ABR Changes Interventional Radiology Oral Exam Timing
By James B. Spies, MD, MPH, ABR Associate Executive Director for Interventional Radiology
In January, the ABR Board of Governors changed the requirement for interventional radiology residency graduates to qualify for the oral component of the ABR IR/DR Certifying Exam. Beginning with the residency class graduating in June 2024, candidates will be required to wait until the calendar year following completion of training to take the exam. This change will align IR with the other ABR disciplines of diagnostic radiology, radiation oncology, and medical physics, which have a similar requirement. The change also more closely aligns current trainees with the requirements for those who qualified previously via IR fellowships, which required a year of practice prior to the exam. This new requirement will apply only to the oral exam; graduates will continue to be allowed and, in fact, encouraged to take the computer-based component of the certifying exam at the first offering after graduation.
The ABR IR/DR Certifying Exam has two components – computer-based and oral ̶ and both must be passed for certification. The computer-based component is given once a year in early autumn in conjunction with the Diagnostic Radiology Computer-based Certifying Exam. Currently, there are two opportunities each year to take the oral component: a main multi-day exam in October and a more limited exam in the spring. While the ABR theoretically would like to offer candidates an unrestricted choice of examining in the spring or fall, the practical limitations of staffing, exam content, and examiner availability require a limit on the number of days of examination each year. This is typically a total of four days, with a three-day main event and a one-day alternative. This schedule provides more than enough seats for candidates, but it has limited the choice between spring and fall to some degree. Recently, the three-day exam has been in the fall. The net effect of the BOG decision will likely be to change the primary multi-day exam to the spring with the one-day exam in the fall.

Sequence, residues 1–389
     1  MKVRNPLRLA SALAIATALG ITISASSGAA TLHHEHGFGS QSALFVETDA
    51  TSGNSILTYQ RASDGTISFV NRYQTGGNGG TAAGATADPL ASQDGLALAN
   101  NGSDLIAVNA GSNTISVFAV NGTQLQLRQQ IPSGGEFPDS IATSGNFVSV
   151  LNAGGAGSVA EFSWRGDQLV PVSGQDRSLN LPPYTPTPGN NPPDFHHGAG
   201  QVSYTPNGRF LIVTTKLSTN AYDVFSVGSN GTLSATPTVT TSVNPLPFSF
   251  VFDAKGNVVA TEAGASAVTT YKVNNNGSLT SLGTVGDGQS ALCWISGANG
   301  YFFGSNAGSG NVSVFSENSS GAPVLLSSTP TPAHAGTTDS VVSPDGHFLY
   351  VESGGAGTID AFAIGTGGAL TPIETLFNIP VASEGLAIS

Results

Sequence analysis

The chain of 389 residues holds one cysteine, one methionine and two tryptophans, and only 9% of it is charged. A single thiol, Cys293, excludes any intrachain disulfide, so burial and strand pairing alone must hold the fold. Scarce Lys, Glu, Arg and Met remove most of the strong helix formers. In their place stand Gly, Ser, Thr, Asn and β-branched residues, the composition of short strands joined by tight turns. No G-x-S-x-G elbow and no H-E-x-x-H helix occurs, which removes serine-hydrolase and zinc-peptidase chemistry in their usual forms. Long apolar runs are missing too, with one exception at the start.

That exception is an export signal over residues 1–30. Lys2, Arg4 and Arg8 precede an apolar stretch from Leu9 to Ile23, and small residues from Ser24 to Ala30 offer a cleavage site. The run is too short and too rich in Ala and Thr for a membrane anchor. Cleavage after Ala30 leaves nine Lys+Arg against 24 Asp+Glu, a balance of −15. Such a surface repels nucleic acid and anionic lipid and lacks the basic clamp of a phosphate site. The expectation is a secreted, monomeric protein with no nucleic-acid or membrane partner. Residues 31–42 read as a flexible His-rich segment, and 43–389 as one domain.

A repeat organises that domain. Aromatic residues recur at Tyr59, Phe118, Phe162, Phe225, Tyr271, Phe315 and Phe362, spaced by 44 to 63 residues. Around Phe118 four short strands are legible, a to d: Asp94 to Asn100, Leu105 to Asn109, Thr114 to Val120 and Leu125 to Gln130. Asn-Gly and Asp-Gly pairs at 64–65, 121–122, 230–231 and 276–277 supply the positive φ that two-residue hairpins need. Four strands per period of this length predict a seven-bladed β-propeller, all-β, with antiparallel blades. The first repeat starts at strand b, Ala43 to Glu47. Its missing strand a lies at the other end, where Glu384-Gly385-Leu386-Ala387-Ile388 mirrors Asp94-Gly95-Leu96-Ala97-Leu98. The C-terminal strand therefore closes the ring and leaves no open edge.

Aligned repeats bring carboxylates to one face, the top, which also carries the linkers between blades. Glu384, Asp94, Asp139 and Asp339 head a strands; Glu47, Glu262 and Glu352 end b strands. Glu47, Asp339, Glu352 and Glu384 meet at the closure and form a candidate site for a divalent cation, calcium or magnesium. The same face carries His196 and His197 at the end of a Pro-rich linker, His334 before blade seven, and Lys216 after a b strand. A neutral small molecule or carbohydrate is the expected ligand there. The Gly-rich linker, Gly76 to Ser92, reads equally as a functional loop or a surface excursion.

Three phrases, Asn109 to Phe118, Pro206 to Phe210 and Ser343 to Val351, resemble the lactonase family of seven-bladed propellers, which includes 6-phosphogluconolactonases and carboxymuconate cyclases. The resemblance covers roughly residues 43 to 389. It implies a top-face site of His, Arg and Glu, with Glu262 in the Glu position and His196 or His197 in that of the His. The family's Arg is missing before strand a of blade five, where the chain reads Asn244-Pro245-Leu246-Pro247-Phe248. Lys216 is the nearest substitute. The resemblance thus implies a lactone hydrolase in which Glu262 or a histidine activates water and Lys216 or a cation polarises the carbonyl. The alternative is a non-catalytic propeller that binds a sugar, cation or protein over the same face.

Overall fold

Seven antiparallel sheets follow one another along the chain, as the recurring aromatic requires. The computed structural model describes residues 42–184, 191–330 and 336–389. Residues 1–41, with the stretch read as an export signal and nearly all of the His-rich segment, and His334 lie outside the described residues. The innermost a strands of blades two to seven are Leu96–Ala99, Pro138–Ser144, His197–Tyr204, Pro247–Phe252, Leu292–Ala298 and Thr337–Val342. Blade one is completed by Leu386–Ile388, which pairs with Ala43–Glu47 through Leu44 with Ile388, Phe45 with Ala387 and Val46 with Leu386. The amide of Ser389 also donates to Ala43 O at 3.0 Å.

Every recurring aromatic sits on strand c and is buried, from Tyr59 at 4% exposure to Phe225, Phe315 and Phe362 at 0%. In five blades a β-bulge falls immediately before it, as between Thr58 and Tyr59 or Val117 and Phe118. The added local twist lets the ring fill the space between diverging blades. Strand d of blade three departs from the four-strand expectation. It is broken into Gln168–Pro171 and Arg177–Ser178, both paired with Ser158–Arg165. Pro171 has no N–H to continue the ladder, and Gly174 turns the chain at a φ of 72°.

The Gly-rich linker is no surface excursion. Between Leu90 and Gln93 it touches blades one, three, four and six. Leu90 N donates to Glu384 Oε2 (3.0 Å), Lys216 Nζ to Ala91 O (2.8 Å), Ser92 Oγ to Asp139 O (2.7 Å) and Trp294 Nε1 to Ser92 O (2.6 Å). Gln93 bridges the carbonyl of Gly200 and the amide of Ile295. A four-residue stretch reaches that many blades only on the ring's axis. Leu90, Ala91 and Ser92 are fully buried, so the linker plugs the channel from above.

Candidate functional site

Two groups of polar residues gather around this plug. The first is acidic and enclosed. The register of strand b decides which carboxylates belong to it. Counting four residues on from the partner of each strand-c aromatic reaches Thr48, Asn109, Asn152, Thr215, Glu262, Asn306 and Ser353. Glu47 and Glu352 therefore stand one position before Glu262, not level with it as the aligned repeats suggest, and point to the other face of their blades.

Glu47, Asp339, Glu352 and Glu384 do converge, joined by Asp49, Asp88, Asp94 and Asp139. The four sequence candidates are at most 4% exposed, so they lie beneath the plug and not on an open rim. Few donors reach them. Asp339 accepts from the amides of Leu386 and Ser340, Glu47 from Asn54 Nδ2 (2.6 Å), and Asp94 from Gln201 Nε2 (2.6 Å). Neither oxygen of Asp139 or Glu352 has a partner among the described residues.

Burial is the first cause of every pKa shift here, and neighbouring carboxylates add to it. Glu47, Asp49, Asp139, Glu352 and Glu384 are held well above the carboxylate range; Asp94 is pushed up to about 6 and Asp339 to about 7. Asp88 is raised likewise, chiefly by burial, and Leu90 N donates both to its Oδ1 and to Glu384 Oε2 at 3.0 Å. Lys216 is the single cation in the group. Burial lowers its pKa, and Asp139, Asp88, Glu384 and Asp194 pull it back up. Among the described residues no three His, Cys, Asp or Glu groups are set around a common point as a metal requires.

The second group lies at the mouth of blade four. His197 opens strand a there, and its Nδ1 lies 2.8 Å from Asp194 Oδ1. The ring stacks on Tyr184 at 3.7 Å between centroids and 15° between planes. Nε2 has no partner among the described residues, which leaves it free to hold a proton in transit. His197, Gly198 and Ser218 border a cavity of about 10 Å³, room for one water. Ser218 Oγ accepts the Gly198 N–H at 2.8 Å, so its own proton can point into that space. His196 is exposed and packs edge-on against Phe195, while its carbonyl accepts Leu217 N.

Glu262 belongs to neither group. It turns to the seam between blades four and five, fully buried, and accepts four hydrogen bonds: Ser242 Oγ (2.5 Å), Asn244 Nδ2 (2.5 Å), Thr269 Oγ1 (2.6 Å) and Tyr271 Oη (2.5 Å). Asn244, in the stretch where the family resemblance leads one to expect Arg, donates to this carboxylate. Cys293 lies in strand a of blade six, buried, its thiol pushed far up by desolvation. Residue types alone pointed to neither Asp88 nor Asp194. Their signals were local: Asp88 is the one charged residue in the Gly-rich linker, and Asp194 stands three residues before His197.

A motivating factor has been the difficulty of anticipating the number of candidates who will choose the fall exam and, to a lesser extent, the spring. While we originally thought most graduates would want to examine as soon as possible after graduation, surprisingly, more than half have not taken that path, deferring until the following year or later. New residency graduates face major transitions, including new jobs, often with accompanying relocation and the stresses of settling into a new practice and home. Certification during that time may not be the highest priority.
The ABR believes candidates should sit for the exam when they are best prepared and at a time that fits best with their professional and personal lives. The new schedule will allow candidates to take the computer-based component in the fall and to then focus on preparing for the oral exam, using that additional time gathering the experience that is so helpful in succeeding on the more practice-focused oral exam.